- One Formula for All The administration plans a single funding formula that would apply to all school districts, Abbott and non-Abbott. Gov. Corzine said the administration will present the proposal to the state Supreme Court to determine its constitutionality as applied to the Abbott districts.
- New Special Education Funding The method for distributing special education aid would change markedly under the new system. Out the window would be the current four-tier formula, which establishes per-pupil aid amounts based on a student’s disability and need for service. Instead, there would be a single aid level set through a “census” approach. That amount would be based on the average statewide classification rate and the average statewide special education cost.
Significantly, the aid produced by this census approach would be distributed through a “hybrid” categorical/wealth-based method.
According to Davy, the amount of special education aid provided on a categorical basis (i.e., per child without regard to community wealth) would be roughly equivalent to the total amount of state categorical funding for the current year. On top of that amount, the state would provide an allotment of funding to be distributed on the basis of community wealth.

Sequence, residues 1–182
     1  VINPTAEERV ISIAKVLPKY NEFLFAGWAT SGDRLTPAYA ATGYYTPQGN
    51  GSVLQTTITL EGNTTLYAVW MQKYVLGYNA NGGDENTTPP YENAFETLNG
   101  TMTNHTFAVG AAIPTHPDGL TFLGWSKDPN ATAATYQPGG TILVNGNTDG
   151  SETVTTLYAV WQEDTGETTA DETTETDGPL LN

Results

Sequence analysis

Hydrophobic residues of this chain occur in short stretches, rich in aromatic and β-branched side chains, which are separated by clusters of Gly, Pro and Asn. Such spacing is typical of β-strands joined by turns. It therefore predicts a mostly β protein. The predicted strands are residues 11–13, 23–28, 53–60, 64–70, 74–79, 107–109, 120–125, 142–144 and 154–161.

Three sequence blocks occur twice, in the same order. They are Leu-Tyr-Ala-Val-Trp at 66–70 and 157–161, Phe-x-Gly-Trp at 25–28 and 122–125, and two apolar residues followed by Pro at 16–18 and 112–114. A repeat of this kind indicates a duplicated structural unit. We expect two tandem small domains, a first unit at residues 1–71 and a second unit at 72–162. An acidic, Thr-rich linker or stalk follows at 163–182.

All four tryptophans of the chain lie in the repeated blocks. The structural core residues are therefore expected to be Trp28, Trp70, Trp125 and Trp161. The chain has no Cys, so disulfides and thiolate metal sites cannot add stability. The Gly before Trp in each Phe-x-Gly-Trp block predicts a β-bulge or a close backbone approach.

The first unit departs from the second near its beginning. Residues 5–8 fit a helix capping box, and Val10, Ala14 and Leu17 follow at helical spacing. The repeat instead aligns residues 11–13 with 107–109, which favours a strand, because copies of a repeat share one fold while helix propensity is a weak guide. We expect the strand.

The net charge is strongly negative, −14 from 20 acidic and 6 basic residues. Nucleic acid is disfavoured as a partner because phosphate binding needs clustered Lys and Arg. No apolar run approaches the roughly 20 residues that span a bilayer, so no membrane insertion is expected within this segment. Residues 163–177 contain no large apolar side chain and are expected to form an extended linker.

The basis for extraordinary special education costs aid would also change.
The state would fund 75 percent of the expenditure above $40,000 for in-district placements. It would pay 75 percent of the cost above $55,000 for out-of-district placements.
Policy Statement In many ways, the formula reflects the administration’s beliefs on how the state’s public school system should be structured. For example, the extraordinary cost aid distinction is clearly an attempt to move more special education students away from out-of-district placements. Other elements of the program reflect goals of the administration:
K-12 Model In determining the amount of money needed for an “adequate” education, the state based its calculations on a 5,000-student kindergarten through 12th grade school district. Davy was clear on why the state settled on that single model, rather than allowing for varying grade organizations: The state hopes to see all New Jersey school districts reconfigured into K-12 units.